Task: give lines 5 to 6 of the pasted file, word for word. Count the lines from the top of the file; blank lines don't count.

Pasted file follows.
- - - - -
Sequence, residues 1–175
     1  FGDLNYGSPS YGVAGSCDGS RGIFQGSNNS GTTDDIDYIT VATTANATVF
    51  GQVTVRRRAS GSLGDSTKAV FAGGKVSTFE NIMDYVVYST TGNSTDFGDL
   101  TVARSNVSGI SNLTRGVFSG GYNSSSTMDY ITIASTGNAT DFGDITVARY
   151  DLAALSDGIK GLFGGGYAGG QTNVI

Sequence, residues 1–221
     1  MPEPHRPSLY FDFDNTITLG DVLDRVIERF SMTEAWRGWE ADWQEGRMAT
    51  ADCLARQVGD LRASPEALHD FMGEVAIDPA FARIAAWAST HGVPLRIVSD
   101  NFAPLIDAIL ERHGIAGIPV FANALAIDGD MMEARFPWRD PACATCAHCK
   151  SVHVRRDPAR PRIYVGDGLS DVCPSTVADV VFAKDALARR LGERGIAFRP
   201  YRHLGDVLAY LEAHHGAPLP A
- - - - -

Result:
   151  DLAALSDGIK GLFGGGYAGG QTNVI

Sequence, residues 1–221